Unlike vehicle-based antioxidant depot approaches, covalently tethering antioxidants to polymers can enable a higher relative antioxidant content by increasing its longevity and presence. The structural incorporation of antioxidant moieties into polymers may offer more flexibility in applying polymer systems for therapeutic use, whereas encapsulation approaches are often limited to particle systems. Among common antioxidant supplements, vitamins A, C, and E are especially interesting for polymerization. These three vitamins are well known as antioxidants, and their low to no toxicity and regulatory approval make them advantageous to alternative new materials. However, many vitamins have very low tolerance for light, heat, and moisture exposure, complicating bioactivity retention during polymerization or grafting.16 Even though their copolymerization is not necessarily straightforward, grafting vitamins to biomedical polymers while retaining a strong antioxidant effect can provide identical antioxidant protection in vivo to the vitamin alone.

Retinoic acid, the most biologically active form of vitamin A, plays an essential role in the induction of cell differentiation and the arrest of cell proliferation. It has been used in stem cell engineering and cancer therapy, particularly in differentiation therapy for acute myelogenous leukemia. However, it has deficient blood circulation levels due to rapid metabolization by the liver. The circulation can be improved by grafting retinoic acid to water-soluble chitosan oligosaccharide to form an antioxidant polymer drug.17 Similarly, an interesting study on vitamin E showed that Trolox, a synthetic antioxidant and water-soluble analog of vitamin E, was polymerized to form an oxidation active polymer as a new class of biomaterial. This antioxidant polymer inhibited intracellular ROS formation and reduced basal ROS levels in monocytes and endothelial cells. It also effectively inhibited direct effects of oxidative stress like protein carbonyl formation, 3-nitrotyrosine levels, and 4-hydroxy-2-trans-nonenal levels in endothelial cells.18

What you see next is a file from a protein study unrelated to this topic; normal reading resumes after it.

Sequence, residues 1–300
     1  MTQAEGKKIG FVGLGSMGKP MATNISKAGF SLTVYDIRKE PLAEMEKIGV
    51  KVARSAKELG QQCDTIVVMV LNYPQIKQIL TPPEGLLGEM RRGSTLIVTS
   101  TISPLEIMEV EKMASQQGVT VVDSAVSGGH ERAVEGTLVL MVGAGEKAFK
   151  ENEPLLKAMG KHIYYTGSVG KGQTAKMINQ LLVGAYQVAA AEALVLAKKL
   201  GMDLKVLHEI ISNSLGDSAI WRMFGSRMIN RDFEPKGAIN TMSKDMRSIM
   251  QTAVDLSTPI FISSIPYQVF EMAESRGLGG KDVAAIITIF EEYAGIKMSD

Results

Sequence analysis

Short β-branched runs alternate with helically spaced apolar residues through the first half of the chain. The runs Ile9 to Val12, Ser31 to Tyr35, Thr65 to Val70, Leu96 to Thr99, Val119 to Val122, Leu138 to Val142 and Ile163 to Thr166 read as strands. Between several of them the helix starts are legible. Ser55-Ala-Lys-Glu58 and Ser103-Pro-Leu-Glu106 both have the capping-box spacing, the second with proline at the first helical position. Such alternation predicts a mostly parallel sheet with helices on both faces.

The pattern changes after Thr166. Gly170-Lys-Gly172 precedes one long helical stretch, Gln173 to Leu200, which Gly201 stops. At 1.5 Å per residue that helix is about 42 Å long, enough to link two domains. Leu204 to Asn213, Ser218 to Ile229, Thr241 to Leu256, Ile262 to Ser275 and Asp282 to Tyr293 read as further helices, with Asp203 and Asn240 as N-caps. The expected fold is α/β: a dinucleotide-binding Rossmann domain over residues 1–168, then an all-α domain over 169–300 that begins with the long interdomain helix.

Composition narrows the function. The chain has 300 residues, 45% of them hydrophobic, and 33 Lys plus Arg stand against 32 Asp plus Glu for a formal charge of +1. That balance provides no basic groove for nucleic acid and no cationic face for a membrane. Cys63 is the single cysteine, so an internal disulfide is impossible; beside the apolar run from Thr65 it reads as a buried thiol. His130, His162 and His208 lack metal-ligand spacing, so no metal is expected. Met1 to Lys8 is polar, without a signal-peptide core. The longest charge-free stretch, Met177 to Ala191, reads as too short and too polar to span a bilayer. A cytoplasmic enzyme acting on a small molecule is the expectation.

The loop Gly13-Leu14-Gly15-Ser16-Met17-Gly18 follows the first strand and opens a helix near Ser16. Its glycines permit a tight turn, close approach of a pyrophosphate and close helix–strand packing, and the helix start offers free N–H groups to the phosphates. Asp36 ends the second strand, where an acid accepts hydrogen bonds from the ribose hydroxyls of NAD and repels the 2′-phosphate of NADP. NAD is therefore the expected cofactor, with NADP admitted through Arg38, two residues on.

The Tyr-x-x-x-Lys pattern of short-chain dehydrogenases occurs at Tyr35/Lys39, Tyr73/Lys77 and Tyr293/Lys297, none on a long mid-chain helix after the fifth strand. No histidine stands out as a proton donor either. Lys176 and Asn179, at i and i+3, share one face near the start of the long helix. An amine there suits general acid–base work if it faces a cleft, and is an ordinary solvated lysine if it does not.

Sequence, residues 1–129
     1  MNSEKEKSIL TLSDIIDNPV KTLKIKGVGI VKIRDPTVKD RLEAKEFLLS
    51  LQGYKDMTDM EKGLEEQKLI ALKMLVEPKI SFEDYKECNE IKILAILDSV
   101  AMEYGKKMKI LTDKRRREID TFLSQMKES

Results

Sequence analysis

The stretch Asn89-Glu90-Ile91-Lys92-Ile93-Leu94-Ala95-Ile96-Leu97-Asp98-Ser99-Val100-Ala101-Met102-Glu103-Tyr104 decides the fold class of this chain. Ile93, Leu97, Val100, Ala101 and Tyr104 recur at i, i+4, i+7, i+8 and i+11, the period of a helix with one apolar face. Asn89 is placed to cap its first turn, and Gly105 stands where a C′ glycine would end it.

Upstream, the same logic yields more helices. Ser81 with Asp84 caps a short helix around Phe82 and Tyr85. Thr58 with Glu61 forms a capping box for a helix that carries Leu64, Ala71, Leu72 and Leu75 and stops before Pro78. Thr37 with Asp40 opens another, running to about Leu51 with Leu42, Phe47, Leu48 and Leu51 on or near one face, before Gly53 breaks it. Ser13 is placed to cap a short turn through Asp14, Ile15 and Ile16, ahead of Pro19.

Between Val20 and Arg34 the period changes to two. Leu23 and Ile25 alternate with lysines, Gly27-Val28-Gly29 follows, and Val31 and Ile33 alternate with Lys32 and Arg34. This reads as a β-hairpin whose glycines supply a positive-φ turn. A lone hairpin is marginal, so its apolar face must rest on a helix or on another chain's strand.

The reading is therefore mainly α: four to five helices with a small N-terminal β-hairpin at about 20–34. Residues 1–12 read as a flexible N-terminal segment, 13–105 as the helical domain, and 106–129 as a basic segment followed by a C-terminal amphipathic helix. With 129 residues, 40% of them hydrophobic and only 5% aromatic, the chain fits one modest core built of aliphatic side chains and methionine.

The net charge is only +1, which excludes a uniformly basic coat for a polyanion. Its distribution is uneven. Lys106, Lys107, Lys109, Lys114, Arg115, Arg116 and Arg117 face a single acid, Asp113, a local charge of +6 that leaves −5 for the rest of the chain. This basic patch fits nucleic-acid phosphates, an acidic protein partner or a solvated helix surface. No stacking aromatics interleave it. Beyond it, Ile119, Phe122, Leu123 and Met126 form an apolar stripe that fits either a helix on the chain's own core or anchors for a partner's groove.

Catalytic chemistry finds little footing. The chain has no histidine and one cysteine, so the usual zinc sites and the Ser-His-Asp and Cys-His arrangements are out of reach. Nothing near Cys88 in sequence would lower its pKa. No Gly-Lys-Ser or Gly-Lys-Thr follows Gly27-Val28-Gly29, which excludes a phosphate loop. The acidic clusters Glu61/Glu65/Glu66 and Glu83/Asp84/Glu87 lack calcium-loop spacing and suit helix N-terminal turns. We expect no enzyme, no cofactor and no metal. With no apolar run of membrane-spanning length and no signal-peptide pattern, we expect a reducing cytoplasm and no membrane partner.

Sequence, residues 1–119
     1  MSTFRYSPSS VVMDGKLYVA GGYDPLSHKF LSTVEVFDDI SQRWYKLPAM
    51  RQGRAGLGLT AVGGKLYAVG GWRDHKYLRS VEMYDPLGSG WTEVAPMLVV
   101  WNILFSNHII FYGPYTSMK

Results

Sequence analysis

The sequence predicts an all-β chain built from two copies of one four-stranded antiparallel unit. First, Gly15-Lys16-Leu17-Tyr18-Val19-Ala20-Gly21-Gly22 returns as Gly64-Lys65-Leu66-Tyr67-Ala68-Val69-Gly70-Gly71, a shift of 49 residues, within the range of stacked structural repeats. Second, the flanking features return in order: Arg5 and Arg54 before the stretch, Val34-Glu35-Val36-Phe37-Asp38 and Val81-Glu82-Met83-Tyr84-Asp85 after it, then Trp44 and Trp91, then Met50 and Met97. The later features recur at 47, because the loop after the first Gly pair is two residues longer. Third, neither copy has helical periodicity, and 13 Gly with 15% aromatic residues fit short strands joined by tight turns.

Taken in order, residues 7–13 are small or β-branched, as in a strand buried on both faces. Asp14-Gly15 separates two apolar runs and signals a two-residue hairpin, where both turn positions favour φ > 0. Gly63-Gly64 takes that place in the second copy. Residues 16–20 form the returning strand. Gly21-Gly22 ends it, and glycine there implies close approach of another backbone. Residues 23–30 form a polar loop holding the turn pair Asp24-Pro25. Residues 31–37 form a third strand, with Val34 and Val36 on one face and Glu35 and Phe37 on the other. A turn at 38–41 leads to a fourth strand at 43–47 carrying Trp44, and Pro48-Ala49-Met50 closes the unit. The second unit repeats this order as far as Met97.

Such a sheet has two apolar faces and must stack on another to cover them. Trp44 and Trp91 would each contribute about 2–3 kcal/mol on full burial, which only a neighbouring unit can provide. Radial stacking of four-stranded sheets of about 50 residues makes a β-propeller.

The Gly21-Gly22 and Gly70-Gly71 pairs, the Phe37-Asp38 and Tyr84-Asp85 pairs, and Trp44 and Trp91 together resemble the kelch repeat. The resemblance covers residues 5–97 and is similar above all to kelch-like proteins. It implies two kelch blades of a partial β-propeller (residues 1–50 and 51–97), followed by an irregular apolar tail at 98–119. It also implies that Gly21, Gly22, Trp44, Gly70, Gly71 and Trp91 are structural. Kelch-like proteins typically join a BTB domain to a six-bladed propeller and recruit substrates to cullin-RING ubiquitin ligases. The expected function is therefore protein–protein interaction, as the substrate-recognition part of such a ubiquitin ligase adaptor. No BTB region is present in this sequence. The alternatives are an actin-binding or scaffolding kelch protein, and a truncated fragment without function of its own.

Metal-chelating Intrinsically Antioxidant Polymers

Chelating drugs and chelator metal complexes are needed to prevent, diagnose, and treat cancer. Both cancer and normal cells require essential metal ions such as iron, copper, and zinc for growth and proliferation. Chelators can target the metabolic pathways of cancer cells by controlling proteins involved in regulating these metals. However, excess metal ion uptake by the cells can trigger and catalyze RONs, and special chelators can potentially inhibit the oxidative free radical damage on DNA caused by iron and copper catalytic centers. Specifically, chelating excess iron in the body can effectively fight tumors and side effects of certain cancer therapeutic modalities. To this end, a newly synthesized poly(1,8-octanediol-co-citrate-co-ascorbate) (POCA), a citric-acid based biodegradable elastomer with native and intrinsic antioxidant properties, could be a promising start (Figure 3A). POCA, synthesized from 1,8-octanediol, citric acid, and ascorbic acid, reduced ROS generation in cells and protect cells from oxidative stress-induced cell death (Figure 3B). Importantly, POCA antioxidant properties remained present upon degradation.19

Structure and proposed scheme of antioxidant polymer poly(1,8-octanediol-co-citrate-co-ascrobate) (POCA) and poly(1,8-octanediol-co-citrate) (POC)